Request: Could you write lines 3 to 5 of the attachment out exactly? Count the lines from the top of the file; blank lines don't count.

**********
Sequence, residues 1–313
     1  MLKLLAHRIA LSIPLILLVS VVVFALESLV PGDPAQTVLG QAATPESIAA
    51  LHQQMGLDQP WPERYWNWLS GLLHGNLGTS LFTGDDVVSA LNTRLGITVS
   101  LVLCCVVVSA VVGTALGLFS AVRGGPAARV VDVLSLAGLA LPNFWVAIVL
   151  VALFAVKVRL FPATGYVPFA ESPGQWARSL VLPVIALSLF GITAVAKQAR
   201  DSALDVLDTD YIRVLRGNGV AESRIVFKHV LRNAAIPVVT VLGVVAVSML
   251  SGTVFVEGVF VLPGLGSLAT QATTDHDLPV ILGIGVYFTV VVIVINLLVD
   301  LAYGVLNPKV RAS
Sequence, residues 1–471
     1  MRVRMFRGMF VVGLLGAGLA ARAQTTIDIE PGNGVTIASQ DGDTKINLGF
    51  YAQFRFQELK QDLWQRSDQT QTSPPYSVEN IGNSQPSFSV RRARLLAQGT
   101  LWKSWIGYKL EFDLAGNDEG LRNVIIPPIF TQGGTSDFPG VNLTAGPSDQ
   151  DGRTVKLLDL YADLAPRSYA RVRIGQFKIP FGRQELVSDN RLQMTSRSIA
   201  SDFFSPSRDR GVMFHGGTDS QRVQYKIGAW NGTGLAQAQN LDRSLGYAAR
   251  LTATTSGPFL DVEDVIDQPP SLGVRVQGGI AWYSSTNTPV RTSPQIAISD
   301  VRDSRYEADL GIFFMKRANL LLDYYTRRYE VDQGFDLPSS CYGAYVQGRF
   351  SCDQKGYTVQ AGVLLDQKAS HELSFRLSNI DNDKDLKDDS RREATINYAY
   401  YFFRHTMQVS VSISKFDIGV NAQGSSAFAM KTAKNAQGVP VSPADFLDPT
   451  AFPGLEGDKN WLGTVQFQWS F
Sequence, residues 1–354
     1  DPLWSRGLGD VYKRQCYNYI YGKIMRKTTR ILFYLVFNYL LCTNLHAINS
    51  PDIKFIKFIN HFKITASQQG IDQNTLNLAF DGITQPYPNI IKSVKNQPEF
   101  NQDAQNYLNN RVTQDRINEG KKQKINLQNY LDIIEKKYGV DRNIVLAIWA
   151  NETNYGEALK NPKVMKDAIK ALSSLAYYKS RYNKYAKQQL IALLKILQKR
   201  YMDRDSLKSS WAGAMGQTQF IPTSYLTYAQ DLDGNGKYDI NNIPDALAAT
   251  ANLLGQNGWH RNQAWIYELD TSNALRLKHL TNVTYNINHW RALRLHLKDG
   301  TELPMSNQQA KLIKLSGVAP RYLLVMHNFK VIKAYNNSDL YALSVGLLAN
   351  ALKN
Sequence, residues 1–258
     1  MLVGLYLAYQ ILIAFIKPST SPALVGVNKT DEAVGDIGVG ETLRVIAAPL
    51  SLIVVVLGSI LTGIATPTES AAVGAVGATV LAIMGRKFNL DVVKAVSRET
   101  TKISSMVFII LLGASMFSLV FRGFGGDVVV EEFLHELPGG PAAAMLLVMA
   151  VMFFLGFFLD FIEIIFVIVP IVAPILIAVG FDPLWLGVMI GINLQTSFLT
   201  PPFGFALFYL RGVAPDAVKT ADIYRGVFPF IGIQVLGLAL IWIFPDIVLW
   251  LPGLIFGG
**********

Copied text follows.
    51  LHQQMGLDQP WPERYWNWLS GLLHGNLGTS LFTGDDVVSA LNTRLGITVS
   101  LVLCCVVVSA VVGTALGLFS AVRGGPAARV VDVLSLAGLA LPNFWVAIVL
   151  VALFAVKVRL FPATGYVPFA ESPGQWARSL VLPVIALSLF GITAVAKQAR